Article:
Can I get a Retroactive Credit for Overpaid Child Support in New Jersey?

Family Law Attorney navigating the Child Support Process for clients in Linden, Cranford, Elizabeth, and across Union County

Can I get a Retroactive Credit for Overpaid Child Support in New Jersey?Due to changing life situations, New Jersey family law courts are often full of individuals petitioning for modifications to child support obligations. If a modification or elimination of child support is granted it is reasonably asked whether that that modification or elimination can date back to the date in which the changed circumstance commenced.

New Jersey statute N.J.S.A. 2A:17-56.23a specifically addresses the retroactive modification of child support payments.  It clearly states that no child support order shall be applied retroactively except with respect to the period during which there is a pending application for a modification. Put simply, child support can only be retroactive to the date in which an application was filed with the Court seeking a modification.

Balance Supporting Party’s Duty to Support with Payee’s Reliance on Support

It is important to understand that the principle behind the statute’s limitation on retroactive application of a modification of child support is to balance the supporting party’s “duty to support” until a modification is ordered, with the payee party’s expectation and reliance upon the support. In other words, if the receiver of child support suddenly has to pay back a sum of money, it can cause great financial harm to the receiver and thus have an adverse effect on the children.

Retroactive Modification Possible Back to the Date Written Notice Was Mailed

However, with the understanding that changes in circumstance may happen suddenly and without notice, the statute provides an additional avenue for relief.  In the event a litigant provides written notice to the other party notifying them of a change of circumstance, and that a motion for modification will be filed within 45 days, the support can be retroactive to the date that written notice was mailed. As a result, you can begin to receive credit for that change of circumstances almost immediately and not wait until the court begins the review of your petition. However, it is critical to note that if a motion is not filed within that 45 day period, a modification shall be permitted only from the date the motion is filed with the court.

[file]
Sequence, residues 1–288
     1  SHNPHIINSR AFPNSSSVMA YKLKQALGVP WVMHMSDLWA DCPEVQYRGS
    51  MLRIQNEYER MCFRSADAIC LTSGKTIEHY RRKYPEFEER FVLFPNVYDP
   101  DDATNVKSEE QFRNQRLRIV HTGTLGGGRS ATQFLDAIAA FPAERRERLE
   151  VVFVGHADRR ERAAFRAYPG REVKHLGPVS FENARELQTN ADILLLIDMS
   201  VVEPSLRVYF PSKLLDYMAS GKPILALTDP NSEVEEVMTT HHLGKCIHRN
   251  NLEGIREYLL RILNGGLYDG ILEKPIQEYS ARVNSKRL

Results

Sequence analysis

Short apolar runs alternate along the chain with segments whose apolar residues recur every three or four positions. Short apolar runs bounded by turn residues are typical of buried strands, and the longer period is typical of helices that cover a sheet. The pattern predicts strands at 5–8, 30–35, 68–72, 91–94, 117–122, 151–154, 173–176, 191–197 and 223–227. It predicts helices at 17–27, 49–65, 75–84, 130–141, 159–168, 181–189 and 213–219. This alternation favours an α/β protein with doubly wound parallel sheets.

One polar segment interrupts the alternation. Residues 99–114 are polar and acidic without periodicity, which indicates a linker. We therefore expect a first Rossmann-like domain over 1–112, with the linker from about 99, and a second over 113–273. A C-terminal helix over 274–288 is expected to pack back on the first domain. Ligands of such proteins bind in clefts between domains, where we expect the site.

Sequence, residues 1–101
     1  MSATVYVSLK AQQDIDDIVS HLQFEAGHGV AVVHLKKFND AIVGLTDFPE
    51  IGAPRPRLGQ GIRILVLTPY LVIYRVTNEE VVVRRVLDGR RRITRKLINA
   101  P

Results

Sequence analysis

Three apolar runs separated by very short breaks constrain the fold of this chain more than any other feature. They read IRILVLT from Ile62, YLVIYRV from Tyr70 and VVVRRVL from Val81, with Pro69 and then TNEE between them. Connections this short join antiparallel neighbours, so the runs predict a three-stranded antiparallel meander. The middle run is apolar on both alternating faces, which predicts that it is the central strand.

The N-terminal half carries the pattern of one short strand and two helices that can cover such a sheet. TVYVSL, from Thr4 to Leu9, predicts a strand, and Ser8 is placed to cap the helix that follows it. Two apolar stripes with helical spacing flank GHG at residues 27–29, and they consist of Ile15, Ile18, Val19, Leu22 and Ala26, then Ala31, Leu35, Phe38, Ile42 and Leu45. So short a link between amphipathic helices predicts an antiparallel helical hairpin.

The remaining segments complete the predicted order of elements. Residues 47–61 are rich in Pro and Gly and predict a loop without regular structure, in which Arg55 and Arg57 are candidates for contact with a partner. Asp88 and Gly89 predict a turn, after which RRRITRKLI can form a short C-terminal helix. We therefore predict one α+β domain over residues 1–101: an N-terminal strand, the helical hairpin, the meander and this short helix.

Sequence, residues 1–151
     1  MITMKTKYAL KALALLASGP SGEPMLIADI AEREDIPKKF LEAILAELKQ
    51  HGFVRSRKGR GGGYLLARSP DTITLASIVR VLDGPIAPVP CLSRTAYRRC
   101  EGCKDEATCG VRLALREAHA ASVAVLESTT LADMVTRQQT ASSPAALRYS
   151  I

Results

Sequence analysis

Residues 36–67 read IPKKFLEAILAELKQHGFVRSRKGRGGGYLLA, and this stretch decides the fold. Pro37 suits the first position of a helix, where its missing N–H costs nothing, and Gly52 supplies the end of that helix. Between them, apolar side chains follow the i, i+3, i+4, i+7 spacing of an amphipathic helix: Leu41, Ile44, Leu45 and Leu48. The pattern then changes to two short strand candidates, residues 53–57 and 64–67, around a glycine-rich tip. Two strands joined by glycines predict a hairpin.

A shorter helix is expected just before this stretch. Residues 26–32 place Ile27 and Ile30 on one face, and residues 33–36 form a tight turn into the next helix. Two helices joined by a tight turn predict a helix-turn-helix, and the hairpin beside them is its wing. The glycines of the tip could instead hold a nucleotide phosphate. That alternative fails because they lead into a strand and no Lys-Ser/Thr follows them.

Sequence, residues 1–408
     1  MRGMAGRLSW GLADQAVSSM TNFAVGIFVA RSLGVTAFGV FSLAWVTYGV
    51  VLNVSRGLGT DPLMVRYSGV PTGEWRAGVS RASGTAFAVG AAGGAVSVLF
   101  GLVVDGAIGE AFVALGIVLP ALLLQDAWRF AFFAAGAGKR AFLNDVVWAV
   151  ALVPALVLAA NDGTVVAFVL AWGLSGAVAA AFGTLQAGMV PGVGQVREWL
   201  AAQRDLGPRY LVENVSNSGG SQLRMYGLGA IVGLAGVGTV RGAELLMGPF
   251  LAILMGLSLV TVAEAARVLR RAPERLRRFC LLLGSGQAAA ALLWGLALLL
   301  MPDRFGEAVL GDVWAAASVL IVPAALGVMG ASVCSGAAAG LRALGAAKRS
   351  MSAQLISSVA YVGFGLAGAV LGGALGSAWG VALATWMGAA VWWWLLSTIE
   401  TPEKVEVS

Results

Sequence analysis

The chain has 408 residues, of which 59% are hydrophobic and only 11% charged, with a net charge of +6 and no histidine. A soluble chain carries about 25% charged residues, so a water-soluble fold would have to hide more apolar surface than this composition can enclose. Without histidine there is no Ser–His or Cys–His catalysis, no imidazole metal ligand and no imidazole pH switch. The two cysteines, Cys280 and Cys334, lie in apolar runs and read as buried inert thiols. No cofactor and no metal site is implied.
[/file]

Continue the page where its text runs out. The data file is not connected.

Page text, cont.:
Attorneys May Be able to Reach Resolution Outside of Court

It is best to use your attorney during this written notification process for many reasons. Often within the 45 day period after written notification of a client’s intention to seek a modification, the parties will make efforts to reach a resolution of their issue and ultimately enter into a consent order in lieu of having to file an application with the court. It is certainly a prudent first-step in certain circumstances before filing an application with the court. Having an experienced attorney to represent your interest can make all the difference in this process.

The exception to the no retroactive modification of child support rule

Emancipation Considered by the Court for Retroactive ModificationsUsually, the only time the court will deviate from the rule that does not allow retroactive modifications of child support is when a party seeks a modification retroactive to the date of a child’s emancipation. The reasoning is that the “duty to support” should no longer exist once a child has been deemed emancipated. Therefore, no child support was actually owed or due to the child after the emancipating event has occurred.

Emancipation Considered by the Court for Retroactive Modifications

The term “emancipation” refers to a court process by which a minor becomes self-supporting and no longer requires the financial support of their parents. Any minor can become “emancipated” before the age of majority if he or she gets married, joins the military, leaves home or becomes economically independent. Under these circumstances, a parent no longer has the obligation to provide child support.

It is not uncommon for a paying parent not to know that the circumstances for emancipation have been met. If they continue to pay past the point of emancipation the court may take this into account and credit payments made after the date of emancipation.

Contact an Experienced Linden NJ Family and Child Support Lawyer Today

If you are owed retroactive child support or have been ordered to pay retroactive child support, or you have other child support related issues, it is important to speak to an experienced child support attorney like Edward Cooper regarding your issues. Child support is a legal, binding obligation with both parents expected to do their part in supporting their children.

To speak with Mr. Cooper today about your divorce, contact us online or through our Linden, NJ offices at (908) 481-4625.